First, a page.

Brexit and the Medical Devices Regulation – Opportunities and Risks
The United Kingdom has left the European Union. During the transition period, the EU’s current rules on trade still apply. But what comes next for the Medical Devices Regulation?
On 31st January, the United Kingdom left the European Union, entering a transition period which lasts until the end of 2020. During this period, the UK remains subject to EU arrangements, as both sides work on negotiating a new deal that sets the terms of their future relationship. What will be the impact of this process on the medical devices industry? Will the Medical Devices Regulation (MDR) still be applicable in the UK?
The details at this time are very sketchy and could change throughout the year because of the negotiations between the UK and the EU. Nevertheless, this article tries to provide some insight on how things stand right now and what might lie ahead.
What Will Be the Impact of Brexit on the Medical Devices Industry?
This is the million-dollar question! In theory, the impact on medical devices should be similar to any other industrial product. There is no question that Brexit could carry significant implications for UK and European healthcare and trade. These implications will depend on the eventual trade deal, which is still being negotiated. But a likely outcome is an increase in costs for UK and EU manufacturers wanting to export their products.
What Changes for Imported Devices?
One of the most probable changes relates to imported medical devices. According to EU laws, by leaving the European Union, the UK is considered a third country. Therefore, if UK manufacturers want to export their medical devices to the EU-27 market, they will need an importer and a “Responsible Person” appointed within the EU-27.
Medical device manufacturers operating outside the UK (and outside the EU-27) that previously appointed an importer and a “Responsible Person” inside the UK will need to appoint new ones inside the EU-27 if they wish to continue to trade with EU countries.
Higher Stakes for Notified Bodies
Another possible consequence of Brexit is that Notified Bodies based in the UK will no longer be valid because, as per EU laws, these need to be established in a member state. The pressure is high – there is already a low number of Notified Bodies dealing with an increase in the number of medical devices that need to be certified. This increase in demand has been caused by the new MDR, as more medical devices fall under a class where a Notified Body is needed to issue a certificate.
Medical devices already on the market and that were certified by a UK Notified Body will need a new certificate, one issued by a Notified Body within the EU-27. This can be done in two ways: either by applying for a new certificate with this new Notified Body, performing a completely new certification process, or applying for a certification transfer between Notified Bodies. This second option can involve a negotiation process between both Notified Bodies and the manufacturer. During this process, new documentation, tests or third-party validations might be needed – and Critical Software can help manufacturers navigate this stage.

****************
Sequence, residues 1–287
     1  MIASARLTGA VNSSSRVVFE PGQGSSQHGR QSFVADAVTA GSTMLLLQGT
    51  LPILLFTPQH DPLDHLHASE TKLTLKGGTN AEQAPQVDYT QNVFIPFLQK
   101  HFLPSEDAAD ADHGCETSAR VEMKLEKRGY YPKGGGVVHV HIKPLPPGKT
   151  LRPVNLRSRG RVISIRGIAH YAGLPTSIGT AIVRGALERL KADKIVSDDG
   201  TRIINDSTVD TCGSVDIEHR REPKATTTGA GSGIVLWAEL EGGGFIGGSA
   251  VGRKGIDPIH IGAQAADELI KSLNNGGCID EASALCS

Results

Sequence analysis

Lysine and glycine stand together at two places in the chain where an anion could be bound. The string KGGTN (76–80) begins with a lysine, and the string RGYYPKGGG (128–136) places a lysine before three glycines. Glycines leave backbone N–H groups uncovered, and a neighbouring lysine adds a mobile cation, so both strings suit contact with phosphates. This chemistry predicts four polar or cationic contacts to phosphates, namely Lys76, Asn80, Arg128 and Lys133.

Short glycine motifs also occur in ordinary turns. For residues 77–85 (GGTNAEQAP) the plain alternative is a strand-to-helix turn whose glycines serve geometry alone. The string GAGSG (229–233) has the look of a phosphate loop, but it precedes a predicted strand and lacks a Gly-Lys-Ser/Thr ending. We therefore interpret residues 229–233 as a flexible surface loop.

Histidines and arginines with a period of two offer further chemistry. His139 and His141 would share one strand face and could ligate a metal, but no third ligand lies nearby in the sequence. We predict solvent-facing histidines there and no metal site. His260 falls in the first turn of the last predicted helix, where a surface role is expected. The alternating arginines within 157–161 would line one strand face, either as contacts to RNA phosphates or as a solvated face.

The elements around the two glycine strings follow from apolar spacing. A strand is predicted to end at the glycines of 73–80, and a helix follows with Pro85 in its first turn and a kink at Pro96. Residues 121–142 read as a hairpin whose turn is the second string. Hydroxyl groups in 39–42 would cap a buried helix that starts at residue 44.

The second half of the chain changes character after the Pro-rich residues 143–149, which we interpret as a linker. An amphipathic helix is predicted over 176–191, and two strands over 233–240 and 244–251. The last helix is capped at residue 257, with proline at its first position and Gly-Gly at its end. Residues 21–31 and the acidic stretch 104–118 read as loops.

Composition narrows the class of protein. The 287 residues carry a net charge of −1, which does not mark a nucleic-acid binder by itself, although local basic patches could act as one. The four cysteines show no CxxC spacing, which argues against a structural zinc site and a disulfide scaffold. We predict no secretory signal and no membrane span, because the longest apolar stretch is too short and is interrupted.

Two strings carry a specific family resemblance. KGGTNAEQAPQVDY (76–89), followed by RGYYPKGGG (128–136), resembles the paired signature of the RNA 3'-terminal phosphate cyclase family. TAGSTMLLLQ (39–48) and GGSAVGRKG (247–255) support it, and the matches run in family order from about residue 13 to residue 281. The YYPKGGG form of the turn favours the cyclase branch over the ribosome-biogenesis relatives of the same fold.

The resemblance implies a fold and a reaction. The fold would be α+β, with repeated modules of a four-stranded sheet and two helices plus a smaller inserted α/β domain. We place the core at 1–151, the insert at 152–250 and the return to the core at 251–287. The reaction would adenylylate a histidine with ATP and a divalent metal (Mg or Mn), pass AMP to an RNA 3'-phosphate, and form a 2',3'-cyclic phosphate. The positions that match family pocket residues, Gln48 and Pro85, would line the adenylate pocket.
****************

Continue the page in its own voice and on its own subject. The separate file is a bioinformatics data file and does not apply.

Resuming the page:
Once the certification process has been successfully completed, manufacturers can add a CE mark to their medical device and place the product in both markets. For an EU-27 manufacturer to continue to sell their medical devices in the UK, the process may be the same but in reverse. Devices sold in the UK will also need to be registered with the MHRA (Medicines & Healthcare Regulatory Agency). It is assumed that the UK will not impose any other directives on medical devices, other than the MDR.
Back to the MDD?
Following the transition period, the MDR may not be applicable in the UK, at least in the immediate post-Brexit future. Years ago, the Medical Device Directive (MDD) was transposed to UK law, obliging medical devices manufactures to comply with it. The same hasn’t been done with the MDR yet, but the MHRA previously stated that the plan is to implement the MDR by transposing it to UK law. The trade deal may also define the use of MDR in the UK.
This decision will have a direct impact on medical device manufacturers, including those in a later stage of developing new products and involved in clinical trials. If the MDR becomes applicable in the UK, a transition period can probably be expected, similar to what has taken place with other EU countries.
If that’s not the case, small and medium-sized manufacturers who do not export to the EU could be advantaged, as they would avoid needing to spend the additional time and resources on re-categorise medical devices based on the new classifications outlined in the MDR.
An Opportunity for Innovation?
The MDR’s goal is to promote transparency in the industry and to create better regulation of medical devices that incorporate software. Although it aims to improve healthcare and safety, the MDR is sometimes accused of being an obstacle to innovation, due to demanding requirements and the pressure it places on Notified Bodies. If the UK does not adopt the MDR or provide an equivalent, there would be an open question about whether manufacturers would have greater freedom to innovate or whether legitimate concerns over the safety and quality of devices would instead be raised.
While the extent of the impact of Brexit is still uncertain, it is safe to say that it will impact the medical devices sector, especially manufacturers based in the UK. From new certification requirements and having to comply with different rules, to finding new EU-27 based “Responsible People” for imports into the EU, there are many challenges that will need to be addressed.